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It very much grows on you. It begins goofy, and then it gets weird, then it's about relationships, and then science-fictional. Then you have tragedy, more science-fiction, and finally as kick-ass an animated fight as I've ever seen; it had that early Jason Bourne-y quality when it's not martial artists fighting, but hypercompetent (and in this case, cybernetically enhanced) experts trying to kill each other.

It doesn't stop being funny (although, caveat, there's a whole thread of stereotypical gay jokes that are probably unnecessary), but it does get more... existential over time.

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oflittlefaith
Nov. 20th, 2016 03:38 am (UTC)

The Freelancers in general seem to be a hyper competent group, with the caveat of the dysfunctions that seem to go hand in hand.


It's impossible to tell what the actual war is/was like, hut it looks like they get treated like the old Texas Rangers: "One Ranger; one riot."


And yes, the sense of physicality of the combat was astonishing. I'd love to know how much of that is down to Bungie and how much to Rooster Teeth.

__marcelo
Nov. 20th, 2016 01:16 pm (UTC)
It's impossible to tell what the actual war is/was like, hut it looks like they get treated like the old Texas Rangers: "One Ranger; one riot."

Were the Freelancers ever a part of the war as such? My memory isn't very good at best, and I just pulled an all-nighter, but I can't recall an example of the Freelancers having been used as part of the overall war, as opposed to running black ops to further the immediate goals of Project Freelancer itself.
oflittlefaith
Nov. 20th, 2016 08:00 pm (UTC)

That's. ..a very good point, actually. I may be proceeding from a false assumption about their military status.


Which means, i guess, that project freelancer has reached bureaucratic nirvana. The purpose of project freelancer is to continue project freelancer.


Or more prosaicly, thr purpose is to clean up the messes of the previous iteration, and in doing so cause problems further iterations?


Not that it iterated very well. That's a bad choice of verb, now that i see it written down


Something better may occur to me.

__marcelo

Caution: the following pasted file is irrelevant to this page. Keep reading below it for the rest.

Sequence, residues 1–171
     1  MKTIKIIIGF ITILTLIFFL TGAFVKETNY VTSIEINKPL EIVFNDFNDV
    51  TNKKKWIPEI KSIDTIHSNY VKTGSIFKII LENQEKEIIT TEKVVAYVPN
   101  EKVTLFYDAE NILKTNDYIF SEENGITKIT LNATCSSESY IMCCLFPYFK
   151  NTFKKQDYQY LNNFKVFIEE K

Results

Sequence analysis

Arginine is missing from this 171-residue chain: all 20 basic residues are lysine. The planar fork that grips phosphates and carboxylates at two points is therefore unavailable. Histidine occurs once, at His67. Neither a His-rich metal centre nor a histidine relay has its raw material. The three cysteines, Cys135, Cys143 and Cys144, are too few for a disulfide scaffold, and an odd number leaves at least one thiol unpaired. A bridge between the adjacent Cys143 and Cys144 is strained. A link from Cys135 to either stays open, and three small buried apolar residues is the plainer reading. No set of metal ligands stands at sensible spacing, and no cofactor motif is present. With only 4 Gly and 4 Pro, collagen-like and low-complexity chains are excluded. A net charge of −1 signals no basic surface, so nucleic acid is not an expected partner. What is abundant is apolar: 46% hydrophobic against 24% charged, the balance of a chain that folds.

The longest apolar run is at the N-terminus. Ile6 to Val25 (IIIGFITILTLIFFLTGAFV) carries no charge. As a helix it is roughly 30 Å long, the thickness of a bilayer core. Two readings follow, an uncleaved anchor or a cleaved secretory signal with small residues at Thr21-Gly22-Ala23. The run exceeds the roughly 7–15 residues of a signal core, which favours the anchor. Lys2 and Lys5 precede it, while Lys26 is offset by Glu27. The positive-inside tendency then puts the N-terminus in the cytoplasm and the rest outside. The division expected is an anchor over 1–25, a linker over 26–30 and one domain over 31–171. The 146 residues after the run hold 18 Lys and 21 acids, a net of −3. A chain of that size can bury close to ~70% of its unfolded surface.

Nov. 21st, 2016 05:17 am (UTC)
Which means, i guess, that project freelancer has reached bureaucratic nirvana. The purpose of project freelancer is to continue project freelancer.

Jut a clearer than usual example of the almost universal rule, I think *g*.

In their, well, not defense, but as a idiosyncrasy, I think Project Freelancer went off the rails in a particular way when the Director was faced with the possibility(?) of rebuilding Allison from his memories of her. But I'm unclear as to how, or to what degree, this influenced organizational behavior (aside from his personnel decisions). On one hand, from what we see of him after his ousting (and from Church's behavior) he's obsessed with Allison and with rebuilding her/bringing her "back." On the other hand, the missions we saw don't seem directly related to this goal; in fact, you could argue that he used the data from Allison's return to further the R&D goals of Project Freelancer, instead of the other way around (but which suggests the point of why he was torturing Alpha for, if he hadn't known it'd shed fragments; compliance? brainwashing? was he planning on making any number of copies of himself and then prune each into something manageable?).

I keep going back to Gendo Ikari.

It' also interesting to think about the timeline of the AIs. Who came first, Beta/Allison/Tex or Omega? Did the Director get Beta first, and that suggested the idea of getting Omega? The nomenclature makes me guess Alpha -> Omega -> Beta, but what Church said suggests Alpha -> Beta -> Omega. What if Alpha didn't shed Beta/Allison during deliberate torture, but the AI just shared Leonard's longing for her, and simply was in a position to forget more literally and efficiently than the human original could? (without, obviously, being able to excise his longing). That torture -> fragmentation situation would've given the Director the idea of doing it on purpose to get more fragments.

All the other fragments are parts of Alpha's personality or cognitive architecture; it's weird/fascinating to think that his memory of Allison was so important to him that it'd be one, and perhaps the first he'd shed. On the other hand, Allison-ex-Omega was still a fully formed individual... Even strong enough to deal with an AI. It was a human-level AI, for all intents and purposes (on the other hand, so was Church...)

The implied internal architecture is a pseudo-Jungian one with human-level anima/animus (Church/Allison) and a host of secondary modules (Gamma, Delta, Epsilon, etc), but that's a bit weird.

Ah, well, who knows. Maybe it's all explained in the S14 shorts I haven't seen. Or maybe the fragment "harvested" from Alpha is just a high-level description of a human-compatible "module", and it's the alien thing what "fixes" it by adding the actual AI capabilities. So Alpha shed his memories of Allison, and the alien thing "fixed" and turned it into a human-level AI. Then Alpha shed his wile, the alien thing filled the gaps to turn it into Gamma, etc.

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